Presentation on theme: "Understanding and Resolving Conflict Mark Smallwood Brigham Young University."— Presentation transcript:
Understanding and Resolving Conflict Mark Smallwood Brigham Young University
Agenda What is conflict? What is conflict’s role in business? Different views of conflict Kinds of conflict Stages of conflict resolution Methods of conflict resolution Group Exercise Review
What is Conflict? A process that begins when one party perceives that another party has negatively affected, or is about to negatively affect, something that the first party cares about.
A Few Questions Is conflict bad for business? What kind of conflict is seen in our business? Does this conflict help or hurt our performance?
Conflicts About Conflict’s Role Different Views –Traditional View –Human Relations View –Interactionist View
Different Views Traditional View –Conflict is bad! –Same as violence, destruction, irrationality
Different Views Human Relations View –It’s going to happen, so cope with it!
Different Views Interactionist View –Functional conflict is good for business and even encouraged –Functional vs. dysfunctional conflict
Kinds of Conflict Task Conflict –Low to moderate levels can be acceptable Process Conflict –Low levels can be acceptable Relationship Conflict –Almost always dysfunctional
The Conflict Process Four Stages –Potential opposition –Cognition and personalization –Behavior –Outcomes
The Conflict Process Stage 1 –Potential Opposition Factors are present that can lead to conflict –Communication –Structure –Personal Variables
The Conflict Process Stage 2 –Cognition and Personalization Awareness of conditions in stage 1 The conditions cause some sort of frustration
The Conflict Process Stage 3 –Behavior An action is done that frustrates another person’s interests The conflict becomes known to the differing parties and to others
The Conflict Process Stage 4 –Outcomes Functional Outcomes Dysfunctional Outcomes
Conflict Resolution Even in the interactionist view of conflict, conflict can become dysfunctional. At this point, someone may need to step in and help resolve the conflict.
Methods for Resolving Conflict Passive conflict resolution Win-win Structured problem solving Confronting conflict Choosing a winner Selecting a better alternative Preventing Conflict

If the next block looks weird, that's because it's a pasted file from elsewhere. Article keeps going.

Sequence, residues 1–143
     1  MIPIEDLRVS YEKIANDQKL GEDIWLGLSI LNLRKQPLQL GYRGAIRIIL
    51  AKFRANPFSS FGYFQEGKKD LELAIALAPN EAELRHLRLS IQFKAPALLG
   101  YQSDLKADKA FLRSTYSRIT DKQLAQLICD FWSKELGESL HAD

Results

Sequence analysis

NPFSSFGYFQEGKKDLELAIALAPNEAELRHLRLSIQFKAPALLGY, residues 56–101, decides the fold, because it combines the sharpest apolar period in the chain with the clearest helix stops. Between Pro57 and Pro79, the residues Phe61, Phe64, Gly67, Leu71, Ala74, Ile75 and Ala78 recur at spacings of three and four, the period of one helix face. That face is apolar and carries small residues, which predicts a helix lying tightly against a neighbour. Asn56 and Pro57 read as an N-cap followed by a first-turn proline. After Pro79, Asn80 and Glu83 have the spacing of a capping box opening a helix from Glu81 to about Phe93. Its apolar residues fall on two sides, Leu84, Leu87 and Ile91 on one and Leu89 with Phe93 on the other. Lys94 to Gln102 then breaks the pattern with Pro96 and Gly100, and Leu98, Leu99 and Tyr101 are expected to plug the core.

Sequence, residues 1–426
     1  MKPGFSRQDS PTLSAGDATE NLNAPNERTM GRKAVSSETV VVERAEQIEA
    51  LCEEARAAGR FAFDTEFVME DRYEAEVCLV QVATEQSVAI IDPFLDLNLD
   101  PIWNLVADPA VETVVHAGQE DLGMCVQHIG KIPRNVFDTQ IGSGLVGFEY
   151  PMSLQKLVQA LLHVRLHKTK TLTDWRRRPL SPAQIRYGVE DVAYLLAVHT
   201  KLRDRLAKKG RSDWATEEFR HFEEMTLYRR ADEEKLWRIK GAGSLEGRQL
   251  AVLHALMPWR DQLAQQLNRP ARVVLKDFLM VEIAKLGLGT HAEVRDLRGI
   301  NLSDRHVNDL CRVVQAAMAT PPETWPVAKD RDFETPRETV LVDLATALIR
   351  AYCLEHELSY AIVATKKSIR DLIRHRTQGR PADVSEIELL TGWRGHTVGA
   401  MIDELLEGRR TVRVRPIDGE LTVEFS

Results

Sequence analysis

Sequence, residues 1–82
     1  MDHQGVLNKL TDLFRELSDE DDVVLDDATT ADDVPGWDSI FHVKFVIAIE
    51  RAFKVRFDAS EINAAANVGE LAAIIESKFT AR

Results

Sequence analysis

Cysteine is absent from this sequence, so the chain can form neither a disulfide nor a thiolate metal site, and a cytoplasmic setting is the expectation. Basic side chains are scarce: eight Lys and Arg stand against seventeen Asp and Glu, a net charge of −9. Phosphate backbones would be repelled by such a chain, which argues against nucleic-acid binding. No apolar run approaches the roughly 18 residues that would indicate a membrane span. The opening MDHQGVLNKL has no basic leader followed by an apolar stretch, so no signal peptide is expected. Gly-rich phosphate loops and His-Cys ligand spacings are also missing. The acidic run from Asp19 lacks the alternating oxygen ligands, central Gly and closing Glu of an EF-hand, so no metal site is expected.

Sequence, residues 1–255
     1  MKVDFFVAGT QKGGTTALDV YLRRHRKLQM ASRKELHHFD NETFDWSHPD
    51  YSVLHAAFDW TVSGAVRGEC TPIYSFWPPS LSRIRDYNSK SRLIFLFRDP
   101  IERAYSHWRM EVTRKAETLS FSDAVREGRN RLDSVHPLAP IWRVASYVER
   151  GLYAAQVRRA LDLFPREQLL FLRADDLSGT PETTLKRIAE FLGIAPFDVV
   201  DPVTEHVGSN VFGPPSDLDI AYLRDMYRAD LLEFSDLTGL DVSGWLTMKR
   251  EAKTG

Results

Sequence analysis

Methods for Resolving Conflict Passive conflict resolution –Just ignore the conflict Win-win –Satisfy both side’s needs
Methods for Resolving Conflict Structured problem solving –Gather data about the problem –Have a third party observer analyze the data and make an argument for one side –Mediation Confronting conflict –Listen the problem and help the parties resolve it
Methods for Resolving Conflict Choosing a winner –Choose the winner, then deal with the negative feelings between the two parties Selecting a better alternative –Choose an idea neither of the parties considered
Methods for Resolving Conflict Preventing conflict –“Skilled leaders use different techniques to create an environment that is relatively free of conflict…” (Foster)
Shea & Gould Law Firm “At its peak, the firm had 350 lawyers and played a leading role in New York politics, banking, real estate and sports” Closed its doors after not being able to resolve a conflict about the firms future
Let’s Try These Out! Split up in groups of three people Choose a conflict that could be faced in this organization Discuss how it would be handled using each of the methods listed previously
Let’s Try These Out! Describe your conflict What method would be best for handling your chosen situation? Would that method be best for all situations in this organization? What does everyone else think?
Summary Conflict can be good for a business When it isn’t good, the conflict must be resolved Different methods exist to resolve conflict No one method is best for any conflict
Bibliography Bacal, Robert. “Organizational Conflict - The Good, The Bad & The Ugly.” Foster, S. Thomas. Managing Quality: An Integrative Approach. 2 nd ed., Pearson Education, Inc., pp Geyelin, Milo, Felsenthal, Edward. “Irreconcilable differences force Shea & Gould closure”. Wall Street Journal. (Eastern edition). New York, N.Y.: Jan 31, pg. B1. Robbins, Steven P. Essentials of Organizational Behavior. 8 th ed., Pearson Education, Inc., pp Thomas, K.W. “Conflict and Negotiation Processes in Organizations,” in M.D. Dunnette and L.M. Hough, Handbook of Industrial and Organizational Psychology, 2 nd ed., vol. 3, pp Thomas, K.W., and R.H. Kilmann. Thomas-Kilmann Conflict Mode Instrument. Sterling Forest, NY: Xicom, Inc., 1974.